Venezuela's President Hugo Chavez is in Moscow for discussions with Russian President Vladimir Putin about a possible arms deal and expanded economic ties between the two countries. VOA Correspondent Peter Fedynsky reports from the Russian capital.
President Hugo Chavez met his counterpart, Vladimir Putin, Thursday evening at an informal dinner at the Russian leader's country home near Moscow. But Russian news reports throughout the day focused on the opening of a Latin American cultural center in Moscow, where Mr. Chavez spoke for about an hour. Mr. Putin indicated that he followed the Venezuelan's appearance like most Russians, on television.
President Putin says he was able to watch televised news reports and noted that the new center will be a place where Russians can familiarize themselves with Latin American culture.
By scheduling Mr. Chavez so late in the day, Mr. Putin prompted speculation in Moscow that he downplayed the meeting because he does not want to be seen aggravating his already chilly ties with the United States. Washington considers Mr. Chavez to be a destabilizing element in Latin America. President Bush has invited the Russian leader for a visit this weekend at his family home in Kennebunkport, Maine to discuss ways of improving bilateral relations.
The United States is also concerned about Venezuelan arms purchases. Mr. Chavez's Moscow agenda includes the possible purchase of Russian diesel-electric submarines, armed with missiles. He is also interested in buying the Russian TOR-1 missile defense system. Last year, Mr. Chavez signed a deal with the Kremlin to purchase $3 billion worth of weapons, including helicopters, fighter planes and small arms.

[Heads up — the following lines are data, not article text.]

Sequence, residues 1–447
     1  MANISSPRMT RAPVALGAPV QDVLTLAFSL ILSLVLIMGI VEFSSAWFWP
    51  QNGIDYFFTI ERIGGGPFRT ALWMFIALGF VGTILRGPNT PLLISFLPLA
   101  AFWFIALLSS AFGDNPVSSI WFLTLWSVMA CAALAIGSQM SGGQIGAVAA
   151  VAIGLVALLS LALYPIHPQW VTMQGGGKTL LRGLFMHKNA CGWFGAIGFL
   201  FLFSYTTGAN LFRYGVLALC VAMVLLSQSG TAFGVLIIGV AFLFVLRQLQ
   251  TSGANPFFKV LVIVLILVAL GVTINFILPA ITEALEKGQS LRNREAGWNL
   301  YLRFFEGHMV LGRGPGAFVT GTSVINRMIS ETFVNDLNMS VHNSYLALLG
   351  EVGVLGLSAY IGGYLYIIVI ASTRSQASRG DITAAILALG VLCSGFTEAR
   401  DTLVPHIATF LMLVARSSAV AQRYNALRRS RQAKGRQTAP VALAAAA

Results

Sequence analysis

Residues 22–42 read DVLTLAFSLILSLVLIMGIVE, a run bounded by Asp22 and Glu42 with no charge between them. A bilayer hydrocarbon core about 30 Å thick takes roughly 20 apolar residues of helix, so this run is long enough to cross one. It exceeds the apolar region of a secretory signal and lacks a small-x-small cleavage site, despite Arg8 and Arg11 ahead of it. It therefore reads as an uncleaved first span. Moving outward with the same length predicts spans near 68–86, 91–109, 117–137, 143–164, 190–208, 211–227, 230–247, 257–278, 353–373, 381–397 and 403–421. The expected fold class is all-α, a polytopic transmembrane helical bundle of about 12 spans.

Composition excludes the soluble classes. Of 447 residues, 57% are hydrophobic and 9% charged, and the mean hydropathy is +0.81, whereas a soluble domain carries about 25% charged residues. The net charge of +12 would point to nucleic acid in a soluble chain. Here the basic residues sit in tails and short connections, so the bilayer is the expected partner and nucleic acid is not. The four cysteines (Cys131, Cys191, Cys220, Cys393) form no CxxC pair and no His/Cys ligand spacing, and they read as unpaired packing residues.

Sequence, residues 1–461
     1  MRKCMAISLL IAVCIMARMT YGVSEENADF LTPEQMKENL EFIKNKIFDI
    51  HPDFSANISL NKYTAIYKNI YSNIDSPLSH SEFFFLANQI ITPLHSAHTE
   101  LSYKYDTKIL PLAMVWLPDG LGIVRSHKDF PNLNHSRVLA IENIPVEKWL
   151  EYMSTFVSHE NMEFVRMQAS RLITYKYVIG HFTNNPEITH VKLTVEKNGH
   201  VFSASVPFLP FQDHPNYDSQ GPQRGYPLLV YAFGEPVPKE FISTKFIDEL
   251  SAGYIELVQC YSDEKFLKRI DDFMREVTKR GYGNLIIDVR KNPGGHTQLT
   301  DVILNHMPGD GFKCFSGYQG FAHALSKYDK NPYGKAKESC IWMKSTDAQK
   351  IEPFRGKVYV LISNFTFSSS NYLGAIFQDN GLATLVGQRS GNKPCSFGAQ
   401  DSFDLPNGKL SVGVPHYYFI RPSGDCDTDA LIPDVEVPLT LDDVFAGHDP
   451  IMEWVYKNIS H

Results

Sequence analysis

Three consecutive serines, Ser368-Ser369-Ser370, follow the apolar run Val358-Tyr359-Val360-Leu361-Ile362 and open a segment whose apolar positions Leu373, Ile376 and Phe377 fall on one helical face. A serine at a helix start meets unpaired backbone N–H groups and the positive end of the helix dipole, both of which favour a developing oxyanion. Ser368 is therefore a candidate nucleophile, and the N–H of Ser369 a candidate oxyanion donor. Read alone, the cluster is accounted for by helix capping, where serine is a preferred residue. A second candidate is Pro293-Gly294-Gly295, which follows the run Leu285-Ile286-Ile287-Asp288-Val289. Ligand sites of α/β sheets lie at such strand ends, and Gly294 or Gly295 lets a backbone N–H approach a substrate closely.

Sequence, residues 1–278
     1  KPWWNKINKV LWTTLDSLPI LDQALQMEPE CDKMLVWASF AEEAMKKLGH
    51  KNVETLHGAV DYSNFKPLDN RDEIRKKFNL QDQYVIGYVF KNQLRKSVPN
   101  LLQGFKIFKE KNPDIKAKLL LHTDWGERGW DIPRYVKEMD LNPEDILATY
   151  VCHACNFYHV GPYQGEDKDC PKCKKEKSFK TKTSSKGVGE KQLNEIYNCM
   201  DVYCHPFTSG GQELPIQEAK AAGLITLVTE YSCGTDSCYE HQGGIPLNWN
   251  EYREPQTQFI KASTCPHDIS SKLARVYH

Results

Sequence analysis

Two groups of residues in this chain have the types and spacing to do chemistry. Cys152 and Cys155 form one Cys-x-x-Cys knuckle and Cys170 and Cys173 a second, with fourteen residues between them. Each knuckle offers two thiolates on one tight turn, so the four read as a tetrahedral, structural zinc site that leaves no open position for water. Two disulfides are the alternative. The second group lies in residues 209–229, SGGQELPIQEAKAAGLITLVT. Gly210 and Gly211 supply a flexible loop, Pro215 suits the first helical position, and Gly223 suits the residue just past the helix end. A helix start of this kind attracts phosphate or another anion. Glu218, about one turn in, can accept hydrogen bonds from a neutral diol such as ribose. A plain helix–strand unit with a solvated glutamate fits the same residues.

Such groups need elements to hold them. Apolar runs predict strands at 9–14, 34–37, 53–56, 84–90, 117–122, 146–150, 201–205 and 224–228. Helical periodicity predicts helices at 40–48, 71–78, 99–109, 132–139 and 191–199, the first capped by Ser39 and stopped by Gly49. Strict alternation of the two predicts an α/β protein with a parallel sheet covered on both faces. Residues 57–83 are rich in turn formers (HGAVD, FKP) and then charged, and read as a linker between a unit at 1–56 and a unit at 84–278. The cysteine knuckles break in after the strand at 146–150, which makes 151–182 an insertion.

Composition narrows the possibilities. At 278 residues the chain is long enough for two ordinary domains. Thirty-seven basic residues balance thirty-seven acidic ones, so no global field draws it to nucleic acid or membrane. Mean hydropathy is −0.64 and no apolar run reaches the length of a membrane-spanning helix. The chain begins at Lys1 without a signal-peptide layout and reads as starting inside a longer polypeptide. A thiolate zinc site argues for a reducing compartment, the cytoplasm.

The Venezuelan leader said on Thursday that he does not rule out the development of nuclear energy in his country. Mr. Chavez also said American troops should leave Iraq, and that Iran has a right to nuclear technology.
Mr. Chavez says that Iran has the right to a peaceful atomic energy industry because it is a sovereign state.
Russian and Venezuela, both major exporters of energy, are also discussing expanded commerce. Their bilateral trade, last year, amounted to only $90 million.
On Saturday, the Venezuelan leader will be President Putin's guest at a horse race in the southern city of Rostov-on-Don. However, despite signs of closer relations, Russian lawmakers voted against allowing Mr. Chavez to address them in a full session of the country's lower house of Parliament.
Mr. Chavez has plans for more weapons deals with neighboring Belarus, where he flies after his visit to Russia. He then continues to Iran.